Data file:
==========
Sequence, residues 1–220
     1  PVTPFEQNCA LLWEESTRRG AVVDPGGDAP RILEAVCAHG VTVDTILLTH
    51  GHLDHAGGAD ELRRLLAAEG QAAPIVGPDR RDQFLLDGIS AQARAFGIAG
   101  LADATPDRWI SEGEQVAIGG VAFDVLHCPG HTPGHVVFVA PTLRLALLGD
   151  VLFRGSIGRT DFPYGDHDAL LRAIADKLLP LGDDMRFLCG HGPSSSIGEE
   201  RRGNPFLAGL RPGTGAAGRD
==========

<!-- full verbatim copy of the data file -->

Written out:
Sequence, residues 1–220
     1  PVTPFEQNCA LLWEESTRRG AVVDPGGDAP RILEAVCAHG VTVDTILLTH
    51  GHLDHAGGAD ELRRLLAAEG QAAPIVGPDR RDQFLLDGIS AQARAFGIAG
   101  LADATPDRWI SEGEQVAIGG VAFDVLHCPG HTPGHVVFVA PTLRLALLGD
   151  VLFRGSIGRT DFPYGDHDAL LRAIADKLLP LGDDMRFLCG HGPSSSIGEE
   201  RRGNPFLAGL RPGTGAAGRD